April 11, 2024

The US pharmaceutical supply chain is complex. It involves numerous participants and intricate contracts that ultimately determine the cost of prescription drugs for plan sponsors. In recent years, a new entity has emerged, known as Rebate Aggregators. Let’s dive into what you need to know about how rebate aggregators fit into the supply chain.

PBMs and Rebate Aggregators

At the heart of this intricate system are Pharmacy Benefit Managers (PBMs), which play a vital role in facilitating access to medications for plan sponsors and their members. Among their many functions, PBMs are tasked with negotiating discounts and rebates with drug manufacturers on behalf of plan sponsors, effectively acting as intermediaries in the process.

Rebate aggregators further complicate the supply chain by serving as intermediaries between drug manufacturers and PBMs, which is visualized in the chart below:

Defining Rebate Aggregators

The primary role of rebate aggregators is to consolidate market share to negotiate better discount terms with manufacturers. In the pharmaceutical realm, rebate aggregators achieve this by pooling the drug volumes of various PBMs. They also leverage their collective market influence to secure improved rebate terms with manufacturers — a task that was previously handled individually by PBMs.

An Evolving Marketplace

Now, one might wonder why the need for rebate aggregators arose if PBMs historically managed rebate negotiations with drug makers. It all stems from the evolution of the PBM market. In recent years, the three largest PBMs in the US have established their own Group Purchasing Organizations (GPOs). These function similarly to rebate aggregators and aim to maximize rebates through consolidated purchasing power.

This development posed challenges for smaller PBMs, as rebate contracting heavily relies on membership size. It became increasingly difficult for smaller players to remain competitive. Consequently, the majority of PBMs now directly engage with rebate aggregators.

How Rebate Aggregators Impact Plan Sponsors

Rebate aggregators consolidate the purchasing power of multiple smaller PBMs to negotiate better rebates from drug manufacturers. This, in turn, reduces drug costs for downstream clients —plan sponsors.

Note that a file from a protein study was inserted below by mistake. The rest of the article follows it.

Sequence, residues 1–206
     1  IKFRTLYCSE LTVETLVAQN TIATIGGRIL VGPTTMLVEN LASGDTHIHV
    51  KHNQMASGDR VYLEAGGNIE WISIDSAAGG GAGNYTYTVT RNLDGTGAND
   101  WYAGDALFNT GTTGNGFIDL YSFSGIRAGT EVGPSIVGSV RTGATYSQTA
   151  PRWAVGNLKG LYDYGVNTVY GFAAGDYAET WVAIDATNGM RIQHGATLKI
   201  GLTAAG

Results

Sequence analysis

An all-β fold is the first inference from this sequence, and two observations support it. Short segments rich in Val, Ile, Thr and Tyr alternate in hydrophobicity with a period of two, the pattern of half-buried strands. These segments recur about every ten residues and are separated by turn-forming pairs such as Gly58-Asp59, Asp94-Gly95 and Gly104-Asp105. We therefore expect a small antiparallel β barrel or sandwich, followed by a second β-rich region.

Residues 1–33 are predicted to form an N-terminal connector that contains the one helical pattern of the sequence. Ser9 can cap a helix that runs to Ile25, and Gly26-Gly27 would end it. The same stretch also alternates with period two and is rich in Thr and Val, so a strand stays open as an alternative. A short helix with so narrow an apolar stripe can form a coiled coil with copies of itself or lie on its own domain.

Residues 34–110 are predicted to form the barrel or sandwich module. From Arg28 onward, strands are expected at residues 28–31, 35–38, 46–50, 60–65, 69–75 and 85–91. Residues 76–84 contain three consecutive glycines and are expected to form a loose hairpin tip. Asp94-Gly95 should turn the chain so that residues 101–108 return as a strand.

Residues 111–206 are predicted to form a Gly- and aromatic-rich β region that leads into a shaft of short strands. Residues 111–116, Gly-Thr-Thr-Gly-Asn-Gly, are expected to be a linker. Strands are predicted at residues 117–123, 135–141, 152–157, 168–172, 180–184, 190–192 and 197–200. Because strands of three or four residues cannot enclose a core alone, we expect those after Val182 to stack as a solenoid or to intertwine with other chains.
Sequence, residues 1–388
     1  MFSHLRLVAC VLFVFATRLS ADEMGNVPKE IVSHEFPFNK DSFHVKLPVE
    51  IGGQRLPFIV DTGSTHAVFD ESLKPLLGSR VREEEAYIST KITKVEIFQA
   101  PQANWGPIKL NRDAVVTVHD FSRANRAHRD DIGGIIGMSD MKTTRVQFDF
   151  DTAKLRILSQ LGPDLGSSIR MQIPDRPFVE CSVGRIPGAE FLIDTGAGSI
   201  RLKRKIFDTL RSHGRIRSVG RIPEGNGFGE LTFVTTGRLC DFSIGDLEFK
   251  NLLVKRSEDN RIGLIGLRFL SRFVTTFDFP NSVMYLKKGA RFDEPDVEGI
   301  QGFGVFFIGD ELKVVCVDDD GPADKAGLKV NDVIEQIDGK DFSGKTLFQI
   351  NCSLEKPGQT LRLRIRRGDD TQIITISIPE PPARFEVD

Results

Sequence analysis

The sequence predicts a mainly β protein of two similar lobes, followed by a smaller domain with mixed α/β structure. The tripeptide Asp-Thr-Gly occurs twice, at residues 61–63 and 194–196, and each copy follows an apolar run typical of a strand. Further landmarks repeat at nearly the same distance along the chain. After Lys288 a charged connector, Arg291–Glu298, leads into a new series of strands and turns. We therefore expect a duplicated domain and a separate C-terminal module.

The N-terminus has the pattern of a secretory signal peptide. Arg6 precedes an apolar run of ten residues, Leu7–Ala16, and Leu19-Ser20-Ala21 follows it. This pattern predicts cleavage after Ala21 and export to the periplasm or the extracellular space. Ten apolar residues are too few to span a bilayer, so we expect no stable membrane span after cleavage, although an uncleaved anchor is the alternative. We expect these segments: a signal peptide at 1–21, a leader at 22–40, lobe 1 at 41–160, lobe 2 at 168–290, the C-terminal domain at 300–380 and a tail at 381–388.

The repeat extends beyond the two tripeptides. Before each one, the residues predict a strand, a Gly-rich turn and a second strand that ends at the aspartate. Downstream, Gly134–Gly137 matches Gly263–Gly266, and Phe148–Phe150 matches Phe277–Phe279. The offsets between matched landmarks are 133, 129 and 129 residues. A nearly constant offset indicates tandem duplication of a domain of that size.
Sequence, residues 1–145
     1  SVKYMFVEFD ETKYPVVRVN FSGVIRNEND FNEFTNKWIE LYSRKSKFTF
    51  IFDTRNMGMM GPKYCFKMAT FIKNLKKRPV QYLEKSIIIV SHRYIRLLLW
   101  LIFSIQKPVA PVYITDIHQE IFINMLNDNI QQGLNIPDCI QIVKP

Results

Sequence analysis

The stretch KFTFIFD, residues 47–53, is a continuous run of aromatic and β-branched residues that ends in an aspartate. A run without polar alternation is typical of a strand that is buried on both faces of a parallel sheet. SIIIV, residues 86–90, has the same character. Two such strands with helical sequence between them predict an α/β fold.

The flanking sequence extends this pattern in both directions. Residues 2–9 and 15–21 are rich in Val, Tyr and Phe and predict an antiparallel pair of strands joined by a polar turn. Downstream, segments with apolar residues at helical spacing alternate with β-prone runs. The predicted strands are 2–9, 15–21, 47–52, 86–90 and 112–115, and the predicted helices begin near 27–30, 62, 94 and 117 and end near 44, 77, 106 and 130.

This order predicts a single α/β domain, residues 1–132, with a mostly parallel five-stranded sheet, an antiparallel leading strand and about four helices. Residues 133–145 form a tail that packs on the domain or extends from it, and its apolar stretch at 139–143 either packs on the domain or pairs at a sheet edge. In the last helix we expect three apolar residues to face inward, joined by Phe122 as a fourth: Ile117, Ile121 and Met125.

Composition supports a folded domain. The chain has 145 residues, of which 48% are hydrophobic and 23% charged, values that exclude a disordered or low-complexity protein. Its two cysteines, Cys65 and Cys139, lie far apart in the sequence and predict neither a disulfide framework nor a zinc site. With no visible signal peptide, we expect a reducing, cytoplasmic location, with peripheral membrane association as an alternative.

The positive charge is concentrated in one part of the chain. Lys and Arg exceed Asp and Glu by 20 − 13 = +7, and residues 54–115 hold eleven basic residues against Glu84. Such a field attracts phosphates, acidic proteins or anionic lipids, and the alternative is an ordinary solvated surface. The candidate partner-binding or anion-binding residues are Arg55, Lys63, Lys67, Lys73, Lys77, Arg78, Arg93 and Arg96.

However, the impact of rebate aggregators on plan sponsors depends on the contracts between PBMs and plan sponsors as well as the agreements between the PBM and their rebate aggregators. While plan sponsors with 100% pass-through rebate contracts should receive all rebates obtained by the PBM from manufacturers, the rise of rebate aggregators has altered this dynamic.

PBMs no longer directly contract rebates with manufacturers; instead, this is handled by rebate aggregators. As a result, the rebates received by PBMs are subject to the terms of their agreements with rebate aggregators. It is common for rebate aggregators to retain a portion of the rebate amount as fees. Across our practice, this fee is typically around 15% of the rebates received. The bottom line — rarely do 100% pass-through rebate contracts truly pass through all rebates.


An already complex pharmaceutical supply chain is becoming more complicated. Plan sponsors need clear vision into the dynamics between their PBM contracts and their PBMs agreements with other players in the chain, like rebate aggregators.

Innovative Rx Strategies partners with you to provide clarity and hold PBMs, rebate aggregators and every other member of the supply chain accountable. Contact us to ensure you receive the greatest possible value from your pharmacy benefit plan.

Reach out to our team